Common reasons a module won't install

Hi All,

Everyone knows how frustrating it can be to try and fail to install a Perl module. I'm writing an article that will help people troubleshoot the common causes of a module not installing. I've made a list below but have I missed any common installation issues that you've experienced?

  • Unmet Perl dependency (cannot find module in @INC)
  • Unmet C library dependency
  • Perl version not high enough
  • Wrong permissions
  • Broken module
  • Incompatible Operating System
  • Perl not compiled with the right flags
  • Incorrect environment variables

Thanks in advance


By far the most common problem is something broken somewhere in one of the modules on which the module depends.

Incompatibilities between module versions (and sometimes Perl) is usually the cause.

For modules that wrap a command-line program (via e.g. system calls), that program being missing or in an unexpected path can cause problems.

Perl version too high (obvious topical example is hash randomization, but I've seen this sort of thing as well on really old modules).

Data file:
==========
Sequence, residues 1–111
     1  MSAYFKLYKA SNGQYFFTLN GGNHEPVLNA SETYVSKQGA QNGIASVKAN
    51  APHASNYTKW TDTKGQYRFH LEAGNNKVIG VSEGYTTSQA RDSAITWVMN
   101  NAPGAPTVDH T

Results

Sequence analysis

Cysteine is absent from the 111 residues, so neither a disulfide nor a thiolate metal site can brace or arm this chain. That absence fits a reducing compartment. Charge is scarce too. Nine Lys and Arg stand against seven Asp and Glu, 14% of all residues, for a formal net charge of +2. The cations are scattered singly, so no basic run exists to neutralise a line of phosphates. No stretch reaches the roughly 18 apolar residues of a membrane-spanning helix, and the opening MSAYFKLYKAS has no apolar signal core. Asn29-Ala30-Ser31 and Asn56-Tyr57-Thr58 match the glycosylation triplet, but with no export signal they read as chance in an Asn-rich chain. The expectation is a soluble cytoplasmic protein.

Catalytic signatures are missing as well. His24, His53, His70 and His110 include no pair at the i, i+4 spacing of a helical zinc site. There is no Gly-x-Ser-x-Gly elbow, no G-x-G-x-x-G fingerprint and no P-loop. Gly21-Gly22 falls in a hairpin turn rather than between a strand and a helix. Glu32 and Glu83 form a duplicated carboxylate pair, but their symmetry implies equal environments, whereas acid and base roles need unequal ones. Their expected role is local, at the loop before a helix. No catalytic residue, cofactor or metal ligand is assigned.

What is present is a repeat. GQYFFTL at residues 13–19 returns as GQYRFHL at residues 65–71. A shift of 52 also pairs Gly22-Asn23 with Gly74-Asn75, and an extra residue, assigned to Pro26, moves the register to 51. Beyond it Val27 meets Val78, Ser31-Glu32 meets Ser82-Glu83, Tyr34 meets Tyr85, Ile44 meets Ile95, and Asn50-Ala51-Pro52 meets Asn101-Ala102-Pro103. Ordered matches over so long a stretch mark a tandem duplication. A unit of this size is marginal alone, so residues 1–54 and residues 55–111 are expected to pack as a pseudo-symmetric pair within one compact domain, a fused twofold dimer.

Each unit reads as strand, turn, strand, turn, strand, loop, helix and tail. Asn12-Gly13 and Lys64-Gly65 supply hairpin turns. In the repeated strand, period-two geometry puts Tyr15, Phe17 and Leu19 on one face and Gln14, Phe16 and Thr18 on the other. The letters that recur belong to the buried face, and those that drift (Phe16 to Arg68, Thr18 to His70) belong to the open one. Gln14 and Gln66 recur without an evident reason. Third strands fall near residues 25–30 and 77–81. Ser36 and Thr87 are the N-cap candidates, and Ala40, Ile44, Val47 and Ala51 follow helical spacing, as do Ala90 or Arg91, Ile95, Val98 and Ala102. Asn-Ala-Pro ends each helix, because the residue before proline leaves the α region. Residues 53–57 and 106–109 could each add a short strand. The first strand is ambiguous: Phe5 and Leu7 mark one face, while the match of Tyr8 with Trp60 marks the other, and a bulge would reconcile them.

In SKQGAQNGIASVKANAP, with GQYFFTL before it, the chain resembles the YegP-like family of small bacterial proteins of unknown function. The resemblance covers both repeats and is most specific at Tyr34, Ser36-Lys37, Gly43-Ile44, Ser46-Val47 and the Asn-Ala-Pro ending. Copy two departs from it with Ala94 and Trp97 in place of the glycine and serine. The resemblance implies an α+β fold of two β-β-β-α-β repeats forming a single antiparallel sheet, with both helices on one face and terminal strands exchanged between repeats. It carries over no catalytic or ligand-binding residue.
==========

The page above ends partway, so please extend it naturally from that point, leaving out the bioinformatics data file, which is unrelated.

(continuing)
Broken dependency. Mirod already said it, but it's so common.

Incompatible operating system I might generalize to incompatible platform. That includes weirdness like different tmpfile behavior, NFS tmpdir, classic O/S issues, Win32 issues, big- vs. little-endian, compiler differences (e.g. the MSVC compiler).

Something that is similar to the above two but slightly different is wacky broken dependencies already installed. When I look at ActiveState build logs, some of their old systems have the right version of one of my dependencies, but for some reason it acts differently on their system than any other. Put another way, if my system has a broken/non-standard Math::BigInt installed, then I may get what seem like mysterious test failures when trying to install a module or its dependencies.

This may qualify as one of the others including broken module, but I've seen a number of cases where in my environment, 999/1000 test cases pass but one doesn't. This is often something like "testing interoperability with Obscure::Module" and Obscure::Module has changed something that invalidates the test. (Danger ahead) When I want the module for a one-off non-production experiment that has nothing to do with Obscure::Module I sometimes just force the install and typically everything works fine.

P.S. CPAN Testers, yay.

As a windows user, the most common reasons are:

- developer forgets that binary streams are different from perl text streams
- developer uses cross-platform file path handling, but compares with static strings in their tests
- developer decides to use file path handling to generate urls